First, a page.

Likewise, sumo wrestlers have an elaborate incentive scheme in place. Rankings determine everything for a sumo wrestler, from how much money they make, to fame, to how much food and rest they get. In a tournament, 15 bouts are fought. Contestants with 8 or more wins (higher than 50%) will see their rankings rise, and those with fewer than 8 will drop. Thus, a wrestler with an 8-6 record, who already will see a rise in their ranking, has high incentive to throw a game to a contestant with a 7-7 record. A bribe or social incentive is often put in place in these situations. The results were again astoundingly evident. Across several tournaments over several years and analysis of a large sample of rounds, contestants with a 7-7 record, a 50% win record in the tournament, won 80% of their matches against 8-6 opponents in these scenarios.
“Something worth having is something worth cheating for”
Chapter 2: How is the Ku Klux Klan like a group of real estate agents?
Both groups are “successful” based on their foundation of information.
Why do we hire real estate agents? If your incentive to hiring an agent is to get the best possible price, it may actually not be in your favor in most cases. Homes sold through real estate agents are not sold at a higher price compared to houses sold by independent individuals. Real estate agents may have more information on housing prices, but that doesn’t necessarily mean their incentives are aligned perfectly for them to gain the best offer, because many other factors are influenced into the sale of any home—time being a large factor. What real estate agents offer is convenience and expertise to actually sell the home in the first place. They have the coveted information and knowledge needed to sell our homes at the good prices, and they have the information to a network, to connections, and to advertising secrets, as well as the time to do any necessary research and phone calls that individuals have no particular desire to do. Real estate agents rely on their information, much like the Ku Klux Klan.
Stetson Kennedy, a writer intent on ending bigotry, went undercover in the Ku Klux Klan after their revitalization after the end of World War II. While the KKK’s influence was rising, it was still primarily a fear rhetoric rather than their concrete actions. (In fact, during their peak times, the number of lynchings were actually not increased at all, which was supposedly one of their main practices). Kennedy, after learning many of their extensive secrets, leaked it out to radio shows and children in a “mockery” way. Promptly, membership drastically dropped. Information was leaked, and their secrets were no longer in place.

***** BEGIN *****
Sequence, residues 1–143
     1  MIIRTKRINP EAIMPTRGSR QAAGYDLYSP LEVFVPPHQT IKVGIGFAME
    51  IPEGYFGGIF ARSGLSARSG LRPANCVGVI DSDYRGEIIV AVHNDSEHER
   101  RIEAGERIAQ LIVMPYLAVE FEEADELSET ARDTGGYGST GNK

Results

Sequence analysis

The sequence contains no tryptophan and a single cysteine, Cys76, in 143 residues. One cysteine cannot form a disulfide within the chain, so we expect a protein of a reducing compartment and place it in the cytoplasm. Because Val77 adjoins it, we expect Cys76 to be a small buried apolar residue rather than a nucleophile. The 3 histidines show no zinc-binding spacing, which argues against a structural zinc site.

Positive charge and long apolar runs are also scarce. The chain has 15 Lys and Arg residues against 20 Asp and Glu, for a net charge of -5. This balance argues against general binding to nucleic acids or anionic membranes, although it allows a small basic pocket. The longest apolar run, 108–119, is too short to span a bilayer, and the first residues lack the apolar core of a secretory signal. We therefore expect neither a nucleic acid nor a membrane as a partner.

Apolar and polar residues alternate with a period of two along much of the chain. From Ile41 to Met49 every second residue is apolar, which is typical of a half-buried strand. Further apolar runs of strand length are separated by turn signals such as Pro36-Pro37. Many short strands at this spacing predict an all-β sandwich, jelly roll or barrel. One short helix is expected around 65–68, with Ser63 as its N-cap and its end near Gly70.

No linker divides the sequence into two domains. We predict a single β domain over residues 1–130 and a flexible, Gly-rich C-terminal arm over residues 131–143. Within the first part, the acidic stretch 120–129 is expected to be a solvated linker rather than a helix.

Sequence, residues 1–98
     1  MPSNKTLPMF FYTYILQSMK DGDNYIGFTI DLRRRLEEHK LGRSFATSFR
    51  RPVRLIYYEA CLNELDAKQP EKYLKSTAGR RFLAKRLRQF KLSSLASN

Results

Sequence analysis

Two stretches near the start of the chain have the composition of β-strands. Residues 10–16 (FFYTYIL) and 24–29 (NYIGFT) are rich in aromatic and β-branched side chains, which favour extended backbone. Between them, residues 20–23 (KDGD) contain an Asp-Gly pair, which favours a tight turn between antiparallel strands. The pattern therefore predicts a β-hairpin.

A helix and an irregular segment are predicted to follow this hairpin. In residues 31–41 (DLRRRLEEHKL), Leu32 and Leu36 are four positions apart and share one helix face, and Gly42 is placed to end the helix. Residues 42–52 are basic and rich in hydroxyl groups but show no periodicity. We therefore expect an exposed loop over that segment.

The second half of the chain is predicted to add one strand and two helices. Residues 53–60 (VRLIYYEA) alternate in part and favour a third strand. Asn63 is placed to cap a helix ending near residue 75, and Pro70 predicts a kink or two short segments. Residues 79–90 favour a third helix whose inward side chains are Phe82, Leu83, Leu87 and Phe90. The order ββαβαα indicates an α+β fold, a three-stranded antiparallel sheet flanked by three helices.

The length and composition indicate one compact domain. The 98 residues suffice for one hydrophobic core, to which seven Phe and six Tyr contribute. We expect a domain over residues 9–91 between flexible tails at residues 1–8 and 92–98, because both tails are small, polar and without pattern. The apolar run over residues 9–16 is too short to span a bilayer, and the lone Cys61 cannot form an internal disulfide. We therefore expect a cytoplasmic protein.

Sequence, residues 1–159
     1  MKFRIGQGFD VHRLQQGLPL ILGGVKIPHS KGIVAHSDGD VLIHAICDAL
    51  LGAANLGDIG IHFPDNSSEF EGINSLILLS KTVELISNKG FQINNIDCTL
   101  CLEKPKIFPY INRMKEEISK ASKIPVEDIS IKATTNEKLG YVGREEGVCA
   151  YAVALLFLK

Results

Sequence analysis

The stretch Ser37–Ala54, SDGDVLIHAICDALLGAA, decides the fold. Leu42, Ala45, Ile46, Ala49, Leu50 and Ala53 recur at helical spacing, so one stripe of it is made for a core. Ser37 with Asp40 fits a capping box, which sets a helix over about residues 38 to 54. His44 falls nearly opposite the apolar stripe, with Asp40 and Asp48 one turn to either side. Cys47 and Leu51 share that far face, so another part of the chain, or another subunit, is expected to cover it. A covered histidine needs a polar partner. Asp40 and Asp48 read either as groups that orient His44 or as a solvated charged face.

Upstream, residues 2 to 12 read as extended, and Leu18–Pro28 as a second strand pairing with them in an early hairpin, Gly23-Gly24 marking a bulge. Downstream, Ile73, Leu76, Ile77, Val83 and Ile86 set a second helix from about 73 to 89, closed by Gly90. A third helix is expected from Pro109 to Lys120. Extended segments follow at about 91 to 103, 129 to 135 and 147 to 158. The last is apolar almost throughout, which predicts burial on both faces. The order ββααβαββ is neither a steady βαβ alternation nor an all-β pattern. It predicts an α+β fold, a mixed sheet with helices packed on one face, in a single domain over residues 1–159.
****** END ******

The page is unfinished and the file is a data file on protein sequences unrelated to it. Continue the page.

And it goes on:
Information is a huge driver for the success of many professions. Why did stock brokers make so much money before the internet became so readily available for individuals to do their own research? Why do companies hire market consultants to give advice and research on complicated industries? Why is an education worth $60,000 a year? (Actually, it probably isn’t, but I probably don’t have the guts to drop out!)
Chapter 3: Why do drug dealers still live with their moms? A study on “Conventional Wisdom”
This chapter focuses on a man named Venkatesh, who studied a cocaine gang in Chicago, run by a man named J.T.
Drug dealers don’t make nearly as much money as conventional wisdom teaches us. Yes, the top dogs do make good money. Head of branches, people like J.T., makes $100,000 per year, tax-free, while the board of directors can make $500,000 per year. But the majority of the drug dealers are foot soldiers.